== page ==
From the New York Times bestselling author of Team Yankee comes a novel of men imprisoned behind enemy lines and a ruthless enemy that will demand something more than courage from the American people. At the publisher's request, this title is being sold without Digital Rights Management software (DRM) applied.
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1 . Good Reading
Posted December 03, 2011 by Bob M , Laurel MDThis book was good however he has a number of books that are far far better starting off with Team Yankee and then the Series about Scott Dixon which I score 10 for 10. His next books after this one are better.
March 31, 2003
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Excerpt from More Than Courage by Harold Coyle
03:45 Local (23:45 Zulu)
Isolated within the tight confines of his aircraft, Lieutenant Commander Kevin Shiflet found it difficult to maintain his focus. The muffled roar of jet engines and the sound of his own breathing accentuated by the mask he wore were the only sounds that broke the eerie stillness. Like his aircraft, his mind seemed to be suspended in a void. Mechanically, Shiflet turned his head this way and that, peering into the pitch black that his aircraft wore like a cloak. The night sky and featureless terrain below offered his unaided eye no clues as to where he was or what lay below. Only the faint light of his instruments, dimly reflected off the interior surface of his canopy, was visible.
The chatter of other Coalition aircraft operating throughout the region offered little in the way of distraction. While the data and mission reports the Coalition pilots rattled off at infrequent intervals were vital, they were not mentally stimulating. The monotone exchange of information between other strike aircraft and an aerial tanker came across to Shiflet as being no different than the canned audio clutter that instructors piped into every simulator scenario he was required to go through back on the carrier. At times like this, he had to remind himself that the arming switch before him was not a dummy but was, in fact, connected to very real bombs that would, if circumstances permitted, soon be dispatched against very real targets.
When he had opted for naval aviation after graduating from the Naval Academy, Shiflet had envisioned his career as being more akin to the zoom and boom dogfights that Hollywood was so fond of. Though far from being a Tom Cruise, Shiflet always thought of himself as an adventurous sort who had the "Right Stuff." Unfortunately for the naval aviator, the right stuff these days required a pilot to be more of a delivery boy than a swash-buckling brigand. This mission was a case in point.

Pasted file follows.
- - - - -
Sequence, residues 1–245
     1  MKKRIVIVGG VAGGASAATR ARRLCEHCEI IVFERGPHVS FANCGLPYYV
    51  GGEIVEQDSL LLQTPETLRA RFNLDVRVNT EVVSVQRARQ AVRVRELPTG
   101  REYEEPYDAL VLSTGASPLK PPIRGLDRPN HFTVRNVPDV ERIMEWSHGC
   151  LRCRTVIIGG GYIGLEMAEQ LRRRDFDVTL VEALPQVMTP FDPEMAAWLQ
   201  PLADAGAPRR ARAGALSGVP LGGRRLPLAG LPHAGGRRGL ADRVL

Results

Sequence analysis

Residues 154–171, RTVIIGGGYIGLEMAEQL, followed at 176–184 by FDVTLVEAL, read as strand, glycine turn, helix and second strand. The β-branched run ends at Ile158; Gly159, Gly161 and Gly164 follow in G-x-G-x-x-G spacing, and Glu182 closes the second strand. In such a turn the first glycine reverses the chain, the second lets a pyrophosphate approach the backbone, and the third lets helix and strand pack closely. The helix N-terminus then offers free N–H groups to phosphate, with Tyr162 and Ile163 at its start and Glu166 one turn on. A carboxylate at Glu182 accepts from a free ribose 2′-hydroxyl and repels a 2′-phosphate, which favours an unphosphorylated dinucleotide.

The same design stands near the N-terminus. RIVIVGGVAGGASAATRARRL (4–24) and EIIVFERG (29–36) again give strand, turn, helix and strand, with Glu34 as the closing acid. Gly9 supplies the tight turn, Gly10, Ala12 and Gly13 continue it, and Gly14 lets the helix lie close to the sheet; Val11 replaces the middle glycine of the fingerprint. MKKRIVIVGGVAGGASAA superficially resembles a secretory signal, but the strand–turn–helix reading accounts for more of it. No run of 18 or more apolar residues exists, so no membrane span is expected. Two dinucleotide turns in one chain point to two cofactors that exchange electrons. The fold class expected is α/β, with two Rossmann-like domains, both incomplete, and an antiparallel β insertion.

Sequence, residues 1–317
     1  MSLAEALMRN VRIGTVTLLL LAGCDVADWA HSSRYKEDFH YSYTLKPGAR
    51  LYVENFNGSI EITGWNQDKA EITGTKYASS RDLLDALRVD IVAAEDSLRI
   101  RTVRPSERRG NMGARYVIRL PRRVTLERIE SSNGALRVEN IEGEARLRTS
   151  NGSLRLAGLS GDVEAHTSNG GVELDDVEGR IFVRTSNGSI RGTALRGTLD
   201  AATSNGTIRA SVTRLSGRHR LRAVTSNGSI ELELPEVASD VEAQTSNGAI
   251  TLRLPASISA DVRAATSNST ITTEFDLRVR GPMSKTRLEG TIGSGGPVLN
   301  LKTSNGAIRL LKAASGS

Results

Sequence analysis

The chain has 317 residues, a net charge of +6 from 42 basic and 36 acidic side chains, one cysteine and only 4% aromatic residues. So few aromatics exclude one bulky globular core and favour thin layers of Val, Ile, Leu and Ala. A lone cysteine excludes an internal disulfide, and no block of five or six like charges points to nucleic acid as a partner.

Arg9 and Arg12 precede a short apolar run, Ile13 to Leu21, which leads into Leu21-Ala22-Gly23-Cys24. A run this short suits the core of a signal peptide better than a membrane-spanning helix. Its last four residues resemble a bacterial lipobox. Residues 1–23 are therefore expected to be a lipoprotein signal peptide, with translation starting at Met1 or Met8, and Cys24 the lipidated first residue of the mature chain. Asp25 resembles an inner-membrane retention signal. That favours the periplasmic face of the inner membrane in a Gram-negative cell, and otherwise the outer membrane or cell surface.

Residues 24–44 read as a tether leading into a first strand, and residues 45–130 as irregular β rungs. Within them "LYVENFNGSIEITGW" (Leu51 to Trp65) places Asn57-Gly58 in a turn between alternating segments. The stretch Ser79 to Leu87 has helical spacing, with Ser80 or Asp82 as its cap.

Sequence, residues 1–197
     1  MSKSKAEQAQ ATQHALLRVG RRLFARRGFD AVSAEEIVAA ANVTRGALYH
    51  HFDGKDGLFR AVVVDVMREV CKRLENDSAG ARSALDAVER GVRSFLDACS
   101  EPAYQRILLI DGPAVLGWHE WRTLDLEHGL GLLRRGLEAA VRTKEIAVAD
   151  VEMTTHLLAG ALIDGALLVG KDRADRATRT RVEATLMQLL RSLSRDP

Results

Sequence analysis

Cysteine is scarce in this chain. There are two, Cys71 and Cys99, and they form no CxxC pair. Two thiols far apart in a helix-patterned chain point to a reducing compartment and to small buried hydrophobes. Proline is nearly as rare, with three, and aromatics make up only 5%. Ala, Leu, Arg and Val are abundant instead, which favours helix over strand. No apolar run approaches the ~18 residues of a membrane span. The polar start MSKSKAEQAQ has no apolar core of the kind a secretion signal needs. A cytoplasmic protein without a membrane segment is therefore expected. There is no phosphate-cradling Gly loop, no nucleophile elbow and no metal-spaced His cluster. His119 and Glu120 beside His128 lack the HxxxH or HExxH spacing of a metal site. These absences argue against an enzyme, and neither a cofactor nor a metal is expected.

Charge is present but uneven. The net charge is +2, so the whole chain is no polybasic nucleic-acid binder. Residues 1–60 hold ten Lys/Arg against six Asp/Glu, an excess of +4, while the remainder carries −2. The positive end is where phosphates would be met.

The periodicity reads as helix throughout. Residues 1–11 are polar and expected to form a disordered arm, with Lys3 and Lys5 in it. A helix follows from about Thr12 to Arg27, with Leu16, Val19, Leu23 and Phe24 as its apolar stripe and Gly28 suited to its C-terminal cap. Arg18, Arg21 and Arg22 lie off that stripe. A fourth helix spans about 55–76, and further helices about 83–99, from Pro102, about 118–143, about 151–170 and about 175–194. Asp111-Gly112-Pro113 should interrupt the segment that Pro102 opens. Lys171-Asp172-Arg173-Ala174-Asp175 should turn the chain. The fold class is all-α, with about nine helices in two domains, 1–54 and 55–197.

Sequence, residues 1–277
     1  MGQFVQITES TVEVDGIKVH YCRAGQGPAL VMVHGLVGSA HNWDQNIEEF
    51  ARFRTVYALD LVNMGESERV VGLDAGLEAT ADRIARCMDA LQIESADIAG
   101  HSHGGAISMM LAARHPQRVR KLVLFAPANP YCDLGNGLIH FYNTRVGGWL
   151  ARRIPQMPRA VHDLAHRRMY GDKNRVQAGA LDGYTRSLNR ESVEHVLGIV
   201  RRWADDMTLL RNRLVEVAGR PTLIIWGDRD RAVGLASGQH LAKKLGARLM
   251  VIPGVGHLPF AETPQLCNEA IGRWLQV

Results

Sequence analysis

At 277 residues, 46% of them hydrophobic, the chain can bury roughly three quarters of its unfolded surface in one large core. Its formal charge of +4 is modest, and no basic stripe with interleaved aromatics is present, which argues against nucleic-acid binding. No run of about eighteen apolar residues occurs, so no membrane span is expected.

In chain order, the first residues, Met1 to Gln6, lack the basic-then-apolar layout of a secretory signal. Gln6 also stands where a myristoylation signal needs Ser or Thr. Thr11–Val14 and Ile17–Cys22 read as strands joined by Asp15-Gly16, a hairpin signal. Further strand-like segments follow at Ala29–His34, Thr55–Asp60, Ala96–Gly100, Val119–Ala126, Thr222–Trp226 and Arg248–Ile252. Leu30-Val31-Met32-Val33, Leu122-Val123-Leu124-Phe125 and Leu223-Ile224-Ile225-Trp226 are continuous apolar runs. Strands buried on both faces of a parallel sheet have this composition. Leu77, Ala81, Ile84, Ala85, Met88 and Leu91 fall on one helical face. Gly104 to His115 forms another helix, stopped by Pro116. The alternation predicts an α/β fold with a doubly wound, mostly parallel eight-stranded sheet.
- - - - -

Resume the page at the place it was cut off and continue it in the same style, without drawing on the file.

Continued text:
The run-in to the initiation point had been uploaded into the navigational system hours before Shiflet set eyes on his aircraft. Likewise, data concerning the target, the ordnance to be used against that target, and the sequence of its release were fed into the F-18's fire control system. If all went well the entire mission would be about as routine and unspectacular as a high-speed ride at an amusement park.
From somewhere out of the darkness Shiflet heard his wingman call out. Equally bored, Lieutenant James Jefferson was picking up a conversation that the pair had started back on the USS Truman. "So, you haven't told your wife yet. I know if my Sally found out that our deployment was being extended from someone other than me, she'd be fit to tied."
When their rotation had begun eight months before, engaging in such nonessential chitchat in the midst of a mission would have been unthinkable. But like everything else, as their time on station stretched into months and one redeployment date after another came and went without any relief in sight, things had become looser. When senior officers on the Truman described the current state of their mission, they referred to unraveling of discipline or inattention to detail. The truth was, pilots and seamen alike were finding it harder and harder to care about what they were doing. Infractions of standard operating procedures and regulations had become so prevalent that even the most strident disciplinarian in the Truman's air group was now turning a blind eye to deficiencies that would have previously resulted in a written reprimand. If the truth were known, commanding officers considered the ebbing of morale justified because they too were just as angered by the breach of faith that had become routine, as the deployments kept getting extended.